The Province of B.C. and New Westminster’s school support staff union have sent mixed messages on the status of collective bargaining as the 2019/20 school year draws close.
A B.C. Finance Ministry spokesperson said bargaining is still underway with CUPE Local 409, and the parties “continue to work to reach a tentative agreement,” but declined to comment further on the matter as negotiations continue.
But the statement appears to be in contradiction to a June 14 post on the CUPE 409 website, which said negotiators reached a tentative deal in mid-June, and anticipated ratification from all parties by the end of the month.
CUPE 409 president Marcel Marsolais, who has not responded to a request for comment, is quoted in the post saying the agreement “is superior to any of the other settlements we were able to achieve since 2000.”
“Our bargaining committee is recommending that our members vote to ratify the agreement.”
An update to the post, dated June 25, says that is just what happened – at least, on the part of the union. The post adds that the bargaining committee had not yet heard confirmation from the B.C. Public School Employers’ Association, the government's bargaining unit in negotiations with public education unions.
But the post goes as far as to include a PDF listing all the contract changes in that agreement – though it’s not clear where any of those changes will stand when a deal is officially signed.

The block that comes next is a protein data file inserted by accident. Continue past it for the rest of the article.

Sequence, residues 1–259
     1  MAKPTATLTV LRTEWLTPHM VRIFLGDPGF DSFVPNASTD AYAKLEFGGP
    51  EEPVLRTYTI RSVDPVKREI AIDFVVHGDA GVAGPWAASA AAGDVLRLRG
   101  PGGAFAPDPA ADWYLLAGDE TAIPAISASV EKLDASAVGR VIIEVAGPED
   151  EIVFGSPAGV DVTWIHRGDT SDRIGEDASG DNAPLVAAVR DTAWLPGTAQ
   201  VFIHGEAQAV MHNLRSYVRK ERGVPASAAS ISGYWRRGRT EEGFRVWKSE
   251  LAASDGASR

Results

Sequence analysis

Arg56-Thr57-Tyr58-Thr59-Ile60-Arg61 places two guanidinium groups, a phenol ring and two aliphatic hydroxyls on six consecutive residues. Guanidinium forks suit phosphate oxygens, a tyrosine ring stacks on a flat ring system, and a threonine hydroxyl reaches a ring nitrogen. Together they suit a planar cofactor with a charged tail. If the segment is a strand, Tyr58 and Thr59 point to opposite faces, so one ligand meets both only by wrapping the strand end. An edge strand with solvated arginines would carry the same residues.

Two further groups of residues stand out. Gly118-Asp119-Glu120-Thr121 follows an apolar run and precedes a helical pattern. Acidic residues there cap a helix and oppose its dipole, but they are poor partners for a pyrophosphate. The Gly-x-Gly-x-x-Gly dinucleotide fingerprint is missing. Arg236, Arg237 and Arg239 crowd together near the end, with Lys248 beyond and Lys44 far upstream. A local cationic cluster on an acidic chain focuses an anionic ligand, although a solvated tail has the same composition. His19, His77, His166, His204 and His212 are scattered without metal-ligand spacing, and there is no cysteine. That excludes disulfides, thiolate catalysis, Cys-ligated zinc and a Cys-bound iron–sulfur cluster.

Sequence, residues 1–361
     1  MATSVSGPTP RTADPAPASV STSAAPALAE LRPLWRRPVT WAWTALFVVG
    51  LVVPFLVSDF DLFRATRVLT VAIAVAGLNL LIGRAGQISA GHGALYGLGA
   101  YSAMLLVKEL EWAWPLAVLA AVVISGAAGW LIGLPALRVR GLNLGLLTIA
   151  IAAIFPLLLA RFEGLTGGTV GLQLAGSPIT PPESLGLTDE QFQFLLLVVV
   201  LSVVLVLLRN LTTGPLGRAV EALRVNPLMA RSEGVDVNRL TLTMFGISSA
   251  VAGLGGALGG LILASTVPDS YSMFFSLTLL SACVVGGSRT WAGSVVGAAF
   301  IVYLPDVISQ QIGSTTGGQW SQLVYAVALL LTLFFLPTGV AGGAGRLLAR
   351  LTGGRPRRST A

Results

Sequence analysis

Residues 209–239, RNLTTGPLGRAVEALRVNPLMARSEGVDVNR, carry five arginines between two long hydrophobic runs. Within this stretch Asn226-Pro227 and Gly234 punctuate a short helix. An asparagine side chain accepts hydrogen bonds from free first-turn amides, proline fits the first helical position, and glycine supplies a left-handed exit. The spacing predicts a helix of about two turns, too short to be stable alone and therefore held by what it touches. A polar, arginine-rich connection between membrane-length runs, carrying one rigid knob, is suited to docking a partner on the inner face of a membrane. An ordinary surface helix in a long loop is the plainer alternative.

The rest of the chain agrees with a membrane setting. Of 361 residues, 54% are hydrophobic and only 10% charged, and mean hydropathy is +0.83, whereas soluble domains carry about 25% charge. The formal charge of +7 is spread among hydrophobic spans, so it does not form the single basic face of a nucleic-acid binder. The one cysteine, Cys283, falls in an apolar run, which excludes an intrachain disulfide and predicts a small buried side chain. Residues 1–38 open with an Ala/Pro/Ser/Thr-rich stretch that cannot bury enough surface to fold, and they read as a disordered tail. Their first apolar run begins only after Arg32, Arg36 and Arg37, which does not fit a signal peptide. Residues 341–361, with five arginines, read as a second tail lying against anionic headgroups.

That includes annual two per cent raises – the government has mandated that no union negotiations will go higher than two per cent raises in any of the coming three years.
It also includes a provision allowing employees a full paid day off for funerals, where the current contract offers a half-day of paid leave for funerals. Employees would also be able to ask the secretary-treasurer to take leave for days of cultural significance.
Currently, when employees’ cars are vandalized on school properties or in the course of their work, those employees are reimbursed the cost of repair up to $100. The tentative agreement reportedly reached in June would bump that up to the cost of repair up to $300.
The union represents around 375 employees in K-12 education, including education support workers, custodians, crossing guards and noon-hour supervisors.
Local teachers are covered by the New Westminster Teachers’ Union, a local of the B.C. Teachers’ Federation.
While the B.C. government has announced contract ratification for some support workers’ unions – and the ministry says it anticipates more in the coming weeks – bargaining with the BCTF has run into roadblocks.
The main area of contention surrounds class size and composition, with B.C. teachers claiming the government is seeking concessions from the union.
The BCTF has indicated it does not intend to call a strike vote, but the issue has gone to mediation ahead of the school year with hopes of resolving the matter.